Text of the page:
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MIT CDB Assistant Professor, Renee Gosline, Describes Digital Marketing's Newest Influencers

MIT CDB Video: Sinan Aral on Social Commerce


At the recent MIT CDB conference on Big Data, professor and social networking expert, Sinan Aral, discusses peer influence and how it can impact product marketing strategies and the online economy.




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Whether you think it’s a good idea or not, mobile and social technologies are creating new ways to follow, analyze and predict how people are “embedded in society,” and how and where they spend their time and money. The implications of these changes for individuals, as well as society, are being studied by Alex `Sandy’ Pentland, director of MIT’s Human Dynamics Laboratory and the MIT Media Lab Entrepreneurship Program.

 

His current research examines four ways that Big Data can help to understand human behavior: By modeling social influence; by examining social influence dynamics; by actually shaping behavior, and by creating more data-driven societies.  Pentland hopes these insights may help reverse “many of the frustrating phenomena that we are familiar with....fads, groupthink, and projects that just go nowhere.”

 

The MIT researchers looked at social influence networks and their relationship to learning, purchases and other behaviors by following 65 young families for one year. One finding was that social influence incentives work to change behavior more than other incentives because in a group, members have common ties and an exchange network on which to rely. Local information can pressure peers to act in certain ways and to be rewarded for those behaviors. “Incenting the social ties can be efficient,” Pentland explained at a recent MIT CDB seminar.

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In call centers, for example, productivity improves with more coffee breaks, because workers share information that leads to better performance. Similarly, “social traders who aren’t isolated and aren’t in echo chambers,” perform best, he said. The point is to “encourage diversity of ideas and engagement.”

 

The Human Dynamics Lab at the MIT Media Laboratories pioneered the idea of a society enabled by Big Data. The Lab has developed technologies such as reality mining, which uses mobile phone data to extract patterns that predict future human behavior, as well as a `nervous system’ framework for dramatically more efficient transportation, health, energy, and financial systems.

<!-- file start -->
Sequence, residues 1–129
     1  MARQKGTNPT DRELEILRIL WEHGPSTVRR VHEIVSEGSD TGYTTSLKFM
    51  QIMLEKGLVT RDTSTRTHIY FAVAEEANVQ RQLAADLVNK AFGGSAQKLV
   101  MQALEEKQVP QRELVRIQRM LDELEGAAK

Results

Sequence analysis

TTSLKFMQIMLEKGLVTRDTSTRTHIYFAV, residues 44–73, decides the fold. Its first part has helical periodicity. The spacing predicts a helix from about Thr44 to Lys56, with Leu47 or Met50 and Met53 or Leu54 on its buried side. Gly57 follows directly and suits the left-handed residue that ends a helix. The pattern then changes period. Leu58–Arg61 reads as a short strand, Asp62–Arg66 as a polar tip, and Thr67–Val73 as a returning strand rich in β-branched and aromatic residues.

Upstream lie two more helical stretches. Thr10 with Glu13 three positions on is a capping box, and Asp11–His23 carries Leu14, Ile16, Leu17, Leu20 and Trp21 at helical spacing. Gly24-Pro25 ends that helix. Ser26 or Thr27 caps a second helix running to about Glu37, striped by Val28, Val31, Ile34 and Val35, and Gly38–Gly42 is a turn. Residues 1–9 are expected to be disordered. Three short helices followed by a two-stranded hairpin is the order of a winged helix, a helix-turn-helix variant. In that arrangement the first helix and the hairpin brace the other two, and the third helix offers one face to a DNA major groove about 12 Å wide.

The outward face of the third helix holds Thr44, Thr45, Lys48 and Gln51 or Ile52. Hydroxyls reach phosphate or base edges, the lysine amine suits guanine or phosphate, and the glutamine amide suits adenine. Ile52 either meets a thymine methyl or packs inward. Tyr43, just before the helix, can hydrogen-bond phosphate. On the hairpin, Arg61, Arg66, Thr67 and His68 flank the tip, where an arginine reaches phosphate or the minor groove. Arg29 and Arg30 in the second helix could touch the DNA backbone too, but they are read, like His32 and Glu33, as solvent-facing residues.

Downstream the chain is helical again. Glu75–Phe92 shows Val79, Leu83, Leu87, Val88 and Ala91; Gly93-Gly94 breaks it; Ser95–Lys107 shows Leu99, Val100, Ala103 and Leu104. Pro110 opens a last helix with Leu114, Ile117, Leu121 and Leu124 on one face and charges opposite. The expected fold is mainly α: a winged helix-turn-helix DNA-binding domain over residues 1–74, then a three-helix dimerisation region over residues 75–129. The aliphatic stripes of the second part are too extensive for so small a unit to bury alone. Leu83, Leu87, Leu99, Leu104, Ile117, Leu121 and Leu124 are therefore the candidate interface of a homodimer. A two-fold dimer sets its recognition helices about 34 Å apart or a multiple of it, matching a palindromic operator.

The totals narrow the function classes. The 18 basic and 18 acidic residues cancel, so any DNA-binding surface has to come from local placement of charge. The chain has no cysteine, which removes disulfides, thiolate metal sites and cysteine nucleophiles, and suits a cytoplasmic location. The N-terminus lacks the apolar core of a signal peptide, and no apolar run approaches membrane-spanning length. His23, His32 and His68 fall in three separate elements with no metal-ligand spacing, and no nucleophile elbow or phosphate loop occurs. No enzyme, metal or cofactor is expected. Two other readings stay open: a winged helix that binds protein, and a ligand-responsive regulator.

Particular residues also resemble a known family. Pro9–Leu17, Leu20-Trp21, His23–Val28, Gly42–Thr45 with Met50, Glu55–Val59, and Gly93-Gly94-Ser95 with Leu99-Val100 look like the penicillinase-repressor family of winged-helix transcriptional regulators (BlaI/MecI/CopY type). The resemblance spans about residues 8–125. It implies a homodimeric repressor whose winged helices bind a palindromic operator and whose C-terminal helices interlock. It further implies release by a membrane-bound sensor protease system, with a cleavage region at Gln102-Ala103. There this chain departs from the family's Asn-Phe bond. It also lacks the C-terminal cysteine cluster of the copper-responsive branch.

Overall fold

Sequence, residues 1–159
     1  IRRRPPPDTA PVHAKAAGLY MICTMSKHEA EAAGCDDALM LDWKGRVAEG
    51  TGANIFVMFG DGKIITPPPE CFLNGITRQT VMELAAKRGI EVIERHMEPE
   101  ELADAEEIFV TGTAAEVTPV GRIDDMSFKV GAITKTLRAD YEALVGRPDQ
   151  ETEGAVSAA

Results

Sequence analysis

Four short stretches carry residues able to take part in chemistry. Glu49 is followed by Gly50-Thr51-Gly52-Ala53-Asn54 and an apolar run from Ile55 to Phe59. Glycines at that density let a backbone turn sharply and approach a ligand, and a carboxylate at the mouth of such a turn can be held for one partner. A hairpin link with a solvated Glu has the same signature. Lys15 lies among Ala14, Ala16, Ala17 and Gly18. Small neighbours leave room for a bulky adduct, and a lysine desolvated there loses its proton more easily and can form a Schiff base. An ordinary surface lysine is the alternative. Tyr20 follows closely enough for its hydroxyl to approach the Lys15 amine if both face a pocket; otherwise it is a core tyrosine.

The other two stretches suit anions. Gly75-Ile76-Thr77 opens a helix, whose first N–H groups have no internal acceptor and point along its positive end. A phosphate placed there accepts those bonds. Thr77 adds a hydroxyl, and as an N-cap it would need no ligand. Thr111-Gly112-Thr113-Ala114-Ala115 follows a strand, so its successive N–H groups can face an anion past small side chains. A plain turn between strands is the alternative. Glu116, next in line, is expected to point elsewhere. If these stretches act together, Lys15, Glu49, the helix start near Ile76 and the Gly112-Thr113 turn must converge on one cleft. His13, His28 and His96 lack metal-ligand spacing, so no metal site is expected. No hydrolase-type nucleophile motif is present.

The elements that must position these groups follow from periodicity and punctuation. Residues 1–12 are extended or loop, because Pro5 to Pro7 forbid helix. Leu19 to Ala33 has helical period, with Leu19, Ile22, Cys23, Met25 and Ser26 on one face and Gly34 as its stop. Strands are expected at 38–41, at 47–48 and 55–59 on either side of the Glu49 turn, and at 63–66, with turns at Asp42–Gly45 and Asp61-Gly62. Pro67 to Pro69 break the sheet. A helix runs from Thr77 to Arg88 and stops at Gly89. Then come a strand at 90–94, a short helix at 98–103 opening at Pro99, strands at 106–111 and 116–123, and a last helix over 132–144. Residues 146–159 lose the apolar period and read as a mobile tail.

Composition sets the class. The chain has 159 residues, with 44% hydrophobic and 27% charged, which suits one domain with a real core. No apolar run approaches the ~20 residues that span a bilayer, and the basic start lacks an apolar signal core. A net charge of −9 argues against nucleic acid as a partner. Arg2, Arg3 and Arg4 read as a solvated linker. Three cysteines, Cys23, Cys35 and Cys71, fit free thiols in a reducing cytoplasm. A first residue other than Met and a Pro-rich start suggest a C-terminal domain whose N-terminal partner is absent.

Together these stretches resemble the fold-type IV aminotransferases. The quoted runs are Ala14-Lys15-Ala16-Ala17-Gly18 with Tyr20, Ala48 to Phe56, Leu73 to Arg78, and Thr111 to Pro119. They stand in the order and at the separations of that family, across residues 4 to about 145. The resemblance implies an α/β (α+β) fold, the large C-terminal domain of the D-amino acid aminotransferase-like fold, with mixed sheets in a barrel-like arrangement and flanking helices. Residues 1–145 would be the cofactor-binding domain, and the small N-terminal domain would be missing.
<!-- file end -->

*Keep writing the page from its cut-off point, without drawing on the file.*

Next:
Pentland’s latest research could be applied to what he calls, “data-driven societies.” Since geography influences behavior and patterns of communications, which creates “collective intelligence” in local groups,” city-scientist, for instance, may be able to predict the GDP of a city by looking at social-tie patterns. In turn, this might help city planners build environments that better match the habits of the local citizens.

 

Separately, McKinsey is conducting research into social intelligence. In its new report, McKinsey discusses social intelligence as a means of guiding better business decisions.

 

The report states that by tapping into social platforms, businesses can gather and harness employee knowledge.

Today, many people who have expert knowledge and shape perceptions about markets are freely exchanging data and viewpoints through social platforms. By identifying and engaging these players, employing potent Web-focused analytics to draw strategic meaning from social-media data, and channeling this information to people within the organization who need and want it, companies can develop a “social intelligence” that is forward looking, global in scope, and capable of playing out in real time.

This isn’t to suggest that “social” will entirely displace current methods of intelligence gathering. But it should emerge as a strong complement. As it does, social-intelligence literacy will become a critical asset for C-level executives and board members seeking the best possible basis for their decisions.

And in another report Capturing Business Value with Social Technologies, McKinsey conducted an in-depth analysis of four industry sectors that represent almost 20 percent of global sales.

[The analysis] suggests that social platforms can unlock $900 billion to $1.3 trillion in value in those sectors alone. Two-thirds of this value creation opportunity lies in improving communication and collaboration within and across enterprises. Frequently, these improvements will go well beyond the areas many companies have focused on to date in their social-media efforts: connecting with consumers, deriving customer insights for marketing and product development, and providing customer service.

 

Clearly, Pentland’s work supports McKinsey’s conclusion that: “Social technologies are destined to play a much larger role, not only in individual interactions, but also in how companies (and Pentland might add, societies), are organized and managed.”

 

Sandy Pentland is a member of this community. Comment on his work here.

There are many metrics and data available that quantify the use of digital goods and services. We know, for example, how many billions songs are downloaded and how much revenue that garners. We can tell how many articles there are on Wikipedia and how many hours people spend on Facebook.